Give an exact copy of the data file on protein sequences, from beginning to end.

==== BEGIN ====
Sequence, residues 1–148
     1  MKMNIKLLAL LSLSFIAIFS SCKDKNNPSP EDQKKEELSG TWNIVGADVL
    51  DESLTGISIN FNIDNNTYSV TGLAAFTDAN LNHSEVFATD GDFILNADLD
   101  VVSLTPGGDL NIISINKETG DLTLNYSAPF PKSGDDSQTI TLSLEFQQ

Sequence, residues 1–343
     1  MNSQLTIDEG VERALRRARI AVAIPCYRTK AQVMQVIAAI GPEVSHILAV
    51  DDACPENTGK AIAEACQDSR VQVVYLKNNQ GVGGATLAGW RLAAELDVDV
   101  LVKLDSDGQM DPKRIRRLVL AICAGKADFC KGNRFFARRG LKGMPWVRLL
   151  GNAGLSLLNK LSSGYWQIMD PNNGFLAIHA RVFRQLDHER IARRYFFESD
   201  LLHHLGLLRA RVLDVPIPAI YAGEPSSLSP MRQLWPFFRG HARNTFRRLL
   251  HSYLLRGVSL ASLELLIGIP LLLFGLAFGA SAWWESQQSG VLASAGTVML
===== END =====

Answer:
Sequence, residues 1–148
     1  MKMNIKLLAL LSLSFIAIFS SCKDKNNPSP EDQKKEELSG TWNIVGADVL
    51  DESLTGISIN FNIDNNTYSV TGLAAFTDAN LNHSEVFATD GDFILNADLD
   101  VVSLTPGGDL NIISINKETG DLTLNYSAPF PKSGDDSQTI TLSLEFQQ

Sequence, residues 1–343
     1  MNSQLTIDEG VERALRRARI AVAIPCYRTK AQVMQVIAAI GPEVSHILAV
    51  DDACPENTGK AIAEACQDSR VQVVYLKNNQ GVGGATLAGW RLAAELDVDV
   101  LVKLDSDGQM DPKRIRRLVL AICAGKADFC KGNRFFARRG LKGMPWVRLL
   151  GNAGLSLLNK LSSGYWQIMD PNNGFLAIHA RVFRQLDHER IARRYFFESD
   201  LLHHLGLLRA RVLDVPIPAI YAGEPSSLSP MRQLWPFFRG HARNTFRRLL
   251  HSYLLRGVSL ASLELLIGIP LLLFGLAFGA SAWWESQQSG VLASAGTVML